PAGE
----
GM hourly workers will get bonus checks of up to $12000 – USA TODAY
For the year, GM’s net income fell 2.6% from $9.68 billion a year ago even as its total revenue increased.
Hourly workers for General Motors will get record bonus checks of up to $12,000 after the company reported booming sales in North America, as consumers flock to high-profit trucks, crossovers and pickup trucks.
The profit-sharing checks owed to GM’s 52,000 United Auto Workers-represented workers are based on a simple formula. They get about $1,000 for every $1 billion in annual pre-tax North American profit, according to a formula adopted as part of contract negotiations in 2011.
Record U.S. industry vehicle sales powered GM to a $12 billion North American profit in 2016, up from $11 billion a year earlier.
The company said Tuesday that its overall net income fell slightly in 2016 to $9.43 billion because of one-time charges.
But the automaker beat analyst expectations with profit of $6.12 per share for the year and $1.28 per share for the fourth quarter.
Analysts, on average, expected GM to earn $6.01 per share for the year and $1.17 per share for the three months ending Dec. 31.
“By nearly every measure 2016 was a great year,” GM CEO Mary Barra said. “This underscores the progress we are making in strengthening our brands and putting our customers first in everything we do.”
Wall Street, however, is more focused on how GM will perform this year and analysts have concerns about the automaker’s inventory and ability to meet its 2017 targets.
Barclays analyst Brian Johnson said in a report that “investors, and ourselves, have been somewhat skeptical of” the company’s profit projections.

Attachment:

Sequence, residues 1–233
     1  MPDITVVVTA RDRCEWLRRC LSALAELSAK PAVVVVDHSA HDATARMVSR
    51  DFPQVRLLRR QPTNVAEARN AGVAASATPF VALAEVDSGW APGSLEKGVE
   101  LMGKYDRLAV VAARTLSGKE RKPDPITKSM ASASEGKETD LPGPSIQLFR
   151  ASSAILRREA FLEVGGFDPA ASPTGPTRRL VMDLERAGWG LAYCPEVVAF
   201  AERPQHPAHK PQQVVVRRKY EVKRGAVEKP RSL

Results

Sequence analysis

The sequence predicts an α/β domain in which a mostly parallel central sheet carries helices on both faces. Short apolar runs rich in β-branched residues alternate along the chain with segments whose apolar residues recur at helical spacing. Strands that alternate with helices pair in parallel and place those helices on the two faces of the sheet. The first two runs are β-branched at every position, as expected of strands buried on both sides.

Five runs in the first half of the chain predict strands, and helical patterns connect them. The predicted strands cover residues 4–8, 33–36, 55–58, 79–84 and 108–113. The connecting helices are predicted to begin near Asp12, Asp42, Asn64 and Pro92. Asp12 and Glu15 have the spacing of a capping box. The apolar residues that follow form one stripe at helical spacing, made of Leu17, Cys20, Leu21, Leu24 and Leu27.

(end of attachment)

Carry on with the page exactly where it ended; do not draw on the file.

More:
GM’s stock fell $1.64 per share, or 4.5%, by mid-morning to $35.19.
The automaker said its global revenue topped $166.38 billion in 2016, compared with $152.36 billion in 2015, as demand for its full-size trucks and SUVs increased, especially in North America.
GM’s fourth-quarter net income fell 70% to $1.8 billion because of one-time charges of $100 million related the legal costs tied to recalls, unfavorable foreign exchange rates and an unfavorable comparison to the same quarter in 2015 when the company realized a gain of $4 billion in gains for its European assets.
As investors fret about inventory levels, GM Chief Financial Officer Chuck Stevens said GM will carefully manage its inventory.
“We expect to see another strong year in 2017,” Stevens said. “We’re comfortable with the guidance we have in 2017 and we are going to get after it.”
Since cars are selling slowly amid rising demand for SUVs, Stevens said GM will shift its capital spending in 2017 into SUVS, trucks and crossovers.
“We are allocating more capital to growth and profit pools where we think we can earn a long-term return and less to those areas that we can’t,” he said.
Follow Detroit Free Press reporter Brent Snavely on Twitter @BrentSnavely.